Foreign Office warns British tourists 'do not stay' amid fears of years in jail

Passenger planes at Birmingham Airport [file image]
Passenger planes at Birmingham Airport [file image] -Credit:Jacob King, Press Association

The Foreign Office has issued a stark warning to UK tourists in Iran, stating 'do not stay' and cautioning that they could face years in prison. This comes after Israel launched a retaliatory strike on Iran on Friday.

The Israeli attack was in response to an Iranian aerial assault involving approximately 300 missiles and drones on Sunday morning. This, in turn, was a reprisal for the bombing of an Iranian consular building in Damascus, Syria on 1 April.

The Foreign Office website advises: "If you're a British national already in Iran, either resident or visitor, carefully consider your presence there and the risks you take by staying," It further warns against all travel to Iran, highlighting that British and British-Iranian dual nationals are at significant risk of arbitrary arrest, questioning or detention in Iran.

READ MORE: Foreign Office urgent travel warning for 16 countries including Egypt and Morocco

The site also states: "Holding a British passport can be reason enough for the Iranian authorities to question you. If you are detained in Iran, you could face months or years in prison. On 13 April 2024 Iran launched an attack against Israel, using UAVs, ballistic and cruise missiles fired from Iran into Israel."

It adds: "We are aware of reports that on 19 April Israel attacked sites in Iran in response.", reports Birmingham Live. Prior to Friday's strike, Iran's foreign minister, Hossein Amir-Abdollahian, told CNN on Thursday that Iran would respond forcefully if Israel attacked again, although analysts are hopeful that the small scale of Israel's attack will not lead to more strikes from Iran.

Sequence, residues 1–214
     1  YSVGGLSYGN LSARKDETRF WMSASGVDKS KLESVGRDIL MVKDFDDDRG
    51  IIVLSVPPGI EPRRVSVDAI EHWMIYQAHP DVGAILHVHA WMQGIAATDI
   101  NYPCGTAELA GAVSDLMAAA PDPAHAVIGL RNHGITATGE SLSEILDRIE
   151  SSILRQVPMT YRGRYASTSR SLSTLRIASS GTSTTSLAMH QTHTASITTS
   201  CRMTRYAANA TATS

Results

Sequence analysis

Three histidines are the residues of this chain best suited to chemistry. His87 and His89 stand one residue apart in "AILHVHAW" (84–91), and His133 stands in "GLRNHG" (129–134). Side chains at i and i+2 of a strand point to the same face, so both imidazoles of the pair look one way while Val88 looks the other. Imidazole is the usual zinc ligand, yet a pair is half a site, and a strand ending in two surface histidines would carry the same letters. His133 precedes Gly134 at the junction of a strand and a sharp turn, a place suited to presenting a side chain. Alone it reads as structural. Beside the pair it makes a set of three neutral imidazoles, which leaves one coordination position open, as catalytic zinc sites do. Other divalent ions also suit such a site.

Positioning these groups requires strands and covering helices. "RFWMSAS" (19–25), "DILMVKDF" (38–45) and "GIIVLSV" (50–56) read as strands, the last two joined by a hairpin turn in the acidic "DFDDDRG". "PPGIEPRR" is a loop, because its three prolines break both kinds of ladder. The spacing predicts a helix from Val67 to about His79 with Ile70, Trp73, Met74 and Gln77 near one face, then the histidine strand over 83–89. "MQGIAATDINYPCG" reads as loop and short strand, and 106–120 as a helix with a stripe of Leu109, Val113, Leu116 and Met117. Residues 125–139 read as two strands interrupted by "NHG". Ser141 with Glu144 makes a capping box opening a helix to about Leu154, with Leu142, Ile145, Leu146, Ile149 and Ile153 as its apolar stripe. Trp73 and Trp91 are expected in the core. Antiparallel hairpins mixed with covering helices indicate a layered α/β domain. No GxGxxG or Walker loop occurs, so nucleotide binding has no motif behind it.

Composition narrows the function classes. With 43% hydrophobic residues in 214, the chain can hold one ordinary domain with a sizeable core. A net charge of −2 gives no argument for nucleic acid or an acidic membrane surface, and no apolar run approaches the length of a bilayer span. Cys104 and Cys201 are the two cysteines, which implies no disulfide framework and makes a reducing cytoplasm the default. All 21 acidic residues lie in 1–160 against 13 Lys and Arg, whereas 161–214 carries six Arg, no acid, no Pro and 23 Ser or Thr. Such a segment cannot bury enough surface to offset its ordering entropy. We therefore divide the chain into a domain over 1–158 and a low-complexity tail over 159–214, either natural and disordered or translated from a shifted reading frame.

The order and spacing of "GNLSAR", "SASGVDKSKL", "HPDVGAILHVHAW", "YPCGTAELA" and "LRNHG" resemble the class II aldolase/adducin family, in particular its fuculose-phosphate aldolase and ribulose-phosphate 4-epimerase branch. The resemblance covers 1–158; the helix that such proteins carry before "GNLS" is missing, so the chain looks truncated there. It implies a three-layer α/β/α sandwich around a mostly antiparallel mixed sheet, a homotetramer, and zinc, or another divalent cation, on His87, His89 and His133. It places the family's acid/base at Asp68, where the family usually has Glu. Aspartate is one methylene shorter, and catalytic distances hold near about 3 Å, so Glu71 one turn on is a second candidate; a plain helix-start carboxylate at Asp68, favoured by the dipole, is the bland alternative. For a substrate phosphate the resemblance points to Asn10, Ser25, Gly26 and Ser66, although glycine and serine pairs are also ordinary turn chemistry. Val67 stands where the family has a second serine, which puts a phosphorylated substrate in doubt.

Iran has said it has no plans to strike back. But earlier warnings were more forceful.

"If the Israeli regime commits the great error once again, our response will be decisive, definitive and regretful for them," Amir-Abdollahian stated. He went on to describe Sunday's aerial attack on Israel as "our minimum response", warning that in the event of another Israeli strike, Iran's reaction would be "at a maximum level".

Italy's foreign minister, Antonio Tajani, has called for an "absolute de-escalation" in tensions. Speaking to Rai news, he emphasised: "We invite everyone to be cautious to avoid an escalation," He also noted that the G7 nations, including powerhouses like the UK, US, France, Germany, Japan, and Canada, are all seeking an "absolute de-escalation" in the Middle East.

Canadian foreign minister Melanie Joly expressed her concern, saying: "We are monitoring the situation closely. We will address the situation with the foreign ministers at the G7 session this morning in Italy," during her appearance on X.

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